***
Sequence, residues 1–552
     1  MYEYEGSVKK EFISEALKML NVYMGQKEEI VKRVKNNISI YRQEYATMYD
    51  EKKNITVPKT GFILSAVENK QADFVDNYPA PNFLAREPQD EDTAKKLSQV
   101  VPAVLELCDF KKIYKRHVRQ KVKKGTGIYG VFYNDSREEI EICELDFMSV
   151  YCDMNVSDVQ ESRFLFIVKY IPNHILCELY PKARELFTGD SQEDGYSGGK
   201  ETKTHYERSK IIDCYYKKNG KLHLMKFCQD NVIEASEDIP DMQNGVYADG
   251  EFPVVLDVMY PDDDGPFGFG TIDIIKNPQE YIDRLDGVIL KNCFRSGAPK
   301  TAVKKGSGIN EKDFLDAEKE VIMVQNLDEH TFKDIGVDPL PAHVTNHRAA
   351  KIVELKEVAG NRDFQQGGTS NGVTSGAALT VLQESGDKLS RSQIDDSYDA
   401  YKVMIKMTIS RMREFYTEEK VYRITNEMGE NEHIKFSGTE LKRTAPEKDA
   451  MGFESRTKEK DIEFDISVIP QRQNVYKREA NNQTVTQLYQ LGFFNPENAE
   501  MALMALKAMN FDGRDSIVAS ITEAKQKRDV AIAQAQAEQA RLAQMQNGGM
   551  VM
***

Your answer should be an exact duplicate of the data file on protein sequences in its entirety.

Sequence, residues 1–552
     1  MYEYEGSVKK EFISEALKML NVYMGQKEEI VKRVKNNISI YRQEYATMYD
    51  EKKNITVPKT GFILSAVENK QADFVDNYPA PNFLAREPQD EDTAKKLSQV
   101  VPAVLELCDF KKIYKRHVRQ KVKKGTGIYG VFYNDSREEI EICELDFMSV
   151  YCDMNVSDVQ ESRFLFIVKY IPNHILCELY PKARELFTGD SQEDGYSGGK
   201  ETKTHYERSK IIDCYYKKNG KLHLMKFCQD NVIEASEDIP DMQNGVYADG
   251  EFPVVLDVMY PDDDGPFGFG TIDIIKNPQE YIDRLDGVIL KNCFRSGAPK
   301  TAVKKGSGIN EKDFLDAEKE VIMVQNLDEH TFKDIGVDPL PAHVTNHRAA
   351  KIVELKEVAG NRDFQQGGTS NGVTSGAALT VLQESGDKLS RSQIDDSYDA
   401  YKVMIKMTIS RMREFYTEEK VYRITNEMGE NEHIKFSGTE LKRTAPEKDA
   451  MGFESRTKEK DIEFDISVIP QRQNVYKREA NNQTVTQLYQ LGFFNPENAE
   501  MALMALKAMN FDGRDSIVAS ITEAKQKRDV AIAQAQAEQA RLAQMQNGGM
   551  VM